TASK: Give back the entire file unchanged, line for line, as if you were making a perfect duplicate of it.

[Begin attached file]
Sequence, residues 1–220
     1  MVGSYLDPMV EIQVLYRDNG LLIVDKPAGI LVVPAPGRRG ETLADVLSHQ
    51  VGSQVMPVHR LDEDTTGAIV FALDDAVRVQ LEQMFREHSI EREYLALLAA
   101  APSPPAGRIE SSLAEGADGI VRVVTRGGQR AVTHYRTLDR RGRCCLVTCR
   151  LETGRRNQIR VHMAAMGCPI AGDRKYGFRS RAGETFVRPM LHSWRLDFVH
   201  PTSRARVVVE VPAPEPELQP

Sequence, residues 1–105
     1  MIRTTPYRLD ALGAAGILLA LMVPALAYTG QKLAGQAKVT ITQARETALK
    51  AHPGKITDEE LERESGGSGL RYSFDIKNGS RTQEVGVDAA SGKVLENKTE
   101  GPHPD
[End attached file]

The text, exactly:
Sequence, residues 1–220
     1  MVGSYLDPMV EIQVLYRDNG LLIVDKPAGI LVVPAPGRRG ETLADVLSHQ
    51  VGSQVMPVHR LDEDTTGAIV FALDDAVRVQ LEQMFREHSI EREYLALLAA
   101  APSPPAGRIE SSLAEGADGI VRVVTRGGQR AVTHYRTLDR RGRCCLVTCR
   151  LETGRRNQIR VHMAAMGCPI AGDRKYGFRS RAGETFVRPM LHSWRLDFVH
   201  PTSRARVVVE VPAPEPELQP

Sequence, residues 1–105
     1  MIRTTPYRLD ALGAAGILLA LMVPALAYTG QKLAGQAKVT ITQARETALK
    51  AHPGKITDEE LERESGGSGL RYSFDIKNGS RTQEVGVDAA SGKVLENKTE
   101  GPHPD